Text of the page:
NATIONAL BUREAU OF ECONOMIC RESEARCH
NATIONAL BUREAU OF ECONOMIC RESEARCH

Dimensions and Determinants of Early Childhood Health and Mortality Among American Slaves

Richard H. Steckel

NBER Working Paper No. 1662
Issued in July 1985
NBER Program(s):   DAE

This paper relies on birth and death lists from plantation records to investigate the causes of low birth weight and poor health of young slave children. The sources of deprivation can be traced to the fetal period. The slave work routine was arduous overall and particularily intense during planting, hoeing, and harvesting. These demands combined with seasonal fluctuations in disease and in the quality of the diet implied that few newborns had escaped stress on intrauterine growth. Starchy food supplements given soon after birth and poor sanitation surrounding feeding provided a poor environment for growth during the first year of life.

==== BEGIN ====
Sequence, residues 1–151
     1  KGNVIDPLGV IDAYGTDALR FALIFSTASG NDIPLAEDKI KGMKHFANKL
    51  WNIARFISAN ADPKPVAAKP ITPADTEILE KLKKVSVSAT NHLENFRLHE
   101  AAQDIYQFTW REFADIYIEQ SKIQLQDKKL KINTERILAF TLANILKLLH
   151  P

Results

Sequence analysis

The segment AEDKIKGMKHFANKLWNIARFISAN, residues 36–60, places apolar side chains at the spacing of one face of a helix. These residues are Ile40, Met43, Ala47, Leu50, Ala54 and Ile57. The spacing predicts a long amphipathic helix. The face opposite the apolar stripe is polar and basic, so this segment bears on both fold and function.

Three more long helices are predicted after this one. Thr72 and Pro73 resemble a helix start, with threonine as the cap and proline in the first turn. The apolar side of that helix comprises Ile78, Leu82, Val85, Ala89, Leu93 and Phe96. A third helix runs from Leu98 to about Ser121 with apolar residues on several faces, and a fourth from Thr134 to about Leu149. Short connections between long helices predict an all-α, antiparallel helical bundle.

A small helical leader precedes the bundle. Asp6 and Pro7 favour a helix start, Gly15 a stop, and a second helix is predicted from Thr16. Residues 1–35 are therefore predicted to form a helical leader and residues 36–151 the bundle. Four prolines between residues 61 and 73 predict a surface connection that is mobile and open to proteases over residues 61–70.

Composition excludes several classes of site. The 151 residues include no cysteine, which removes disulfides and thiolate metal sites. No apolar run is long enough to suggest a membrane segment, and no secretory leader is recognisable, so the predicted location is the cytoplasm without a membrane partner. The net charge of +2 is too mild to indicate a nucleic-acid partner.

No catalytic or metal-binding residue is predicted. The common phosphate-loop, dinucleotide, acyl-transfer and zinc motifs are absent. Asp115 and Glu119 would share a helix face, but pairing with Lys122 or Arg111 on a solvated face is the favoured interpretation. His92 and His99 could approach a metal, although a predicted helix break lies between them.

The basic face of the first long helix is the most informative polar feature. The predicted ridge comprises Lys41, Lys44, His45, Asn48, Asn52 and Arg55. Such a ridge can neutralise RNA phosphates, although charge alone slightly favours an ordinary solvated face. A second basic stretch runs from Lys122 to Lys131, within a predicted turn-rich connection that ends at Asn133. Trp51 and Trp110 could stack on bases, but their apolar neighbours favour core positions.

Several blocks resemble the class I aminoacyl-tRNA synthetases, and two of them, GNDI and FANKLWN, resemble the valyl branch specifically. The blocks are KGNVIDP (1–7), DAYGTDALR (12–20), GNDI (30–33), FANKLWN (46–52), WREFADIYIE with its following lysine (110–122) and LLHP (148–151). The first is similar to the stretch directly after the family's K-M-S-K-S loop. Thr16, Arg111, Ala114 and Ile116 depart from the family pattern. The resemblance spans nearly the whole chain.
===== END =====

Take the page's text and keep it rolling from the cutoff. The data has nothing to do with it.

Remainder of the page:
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Document Object Identifier (DOI): 10.3386/w1662

Published: "A Dreadful Childhood: The Excess Mortality of American Slaves", Social Science History, vol. 10, no. 4, pp427-465, Winter 1986.

 
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